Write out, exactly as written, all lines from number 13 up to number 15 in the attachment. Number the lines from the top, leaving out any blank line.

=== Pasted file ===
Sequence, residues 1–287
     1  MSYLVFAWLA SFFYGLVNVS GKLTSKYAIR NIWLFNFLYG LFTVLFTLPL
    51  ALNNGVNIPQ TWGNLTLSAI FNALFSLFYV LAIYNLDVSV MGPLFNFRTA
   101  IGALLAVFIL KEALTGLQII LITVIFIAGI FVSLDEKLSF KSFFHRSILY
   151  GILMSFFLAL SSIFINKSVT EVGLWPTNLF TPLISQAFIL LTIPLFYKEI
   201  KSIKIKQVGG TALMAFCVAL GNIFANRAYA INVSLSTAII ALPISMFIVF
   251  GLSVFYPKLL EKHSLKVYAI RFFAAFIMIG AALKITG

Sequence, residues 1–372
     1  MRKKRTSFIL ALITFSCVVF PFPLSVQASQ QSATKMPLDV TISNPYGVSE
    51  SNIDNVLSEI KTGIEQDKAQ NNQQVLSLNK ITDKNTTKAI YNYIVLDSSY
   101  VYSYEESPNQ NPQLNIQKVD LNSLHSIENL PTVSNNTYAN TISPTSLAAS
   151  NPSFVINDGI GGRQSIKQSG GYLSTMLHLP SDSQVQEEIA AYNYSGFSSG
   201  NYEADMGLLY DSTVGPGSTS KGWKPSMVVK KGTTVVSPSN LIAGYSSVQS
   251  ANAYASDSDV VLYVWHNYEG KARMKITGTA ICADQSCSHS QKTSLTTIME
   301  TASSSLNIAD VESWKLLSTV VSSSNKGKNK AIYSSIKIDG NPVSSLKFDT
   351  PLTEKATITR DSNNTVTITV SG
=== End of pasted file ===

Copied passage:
   201  NYEADMGLLY DSTVGPGSTS KGWKPSMVVK KGTTVVSPSN LIAGYSSVQS
   251  ANAYASDSDV VLYVWHNYEG KARMKITGTA ICADQSCSHS QKTSLTTIME
   301  TASSSLNIAD VESWKLLSTV VSSSNKGKNK AIYSSIKIDG NPVSSLKFDT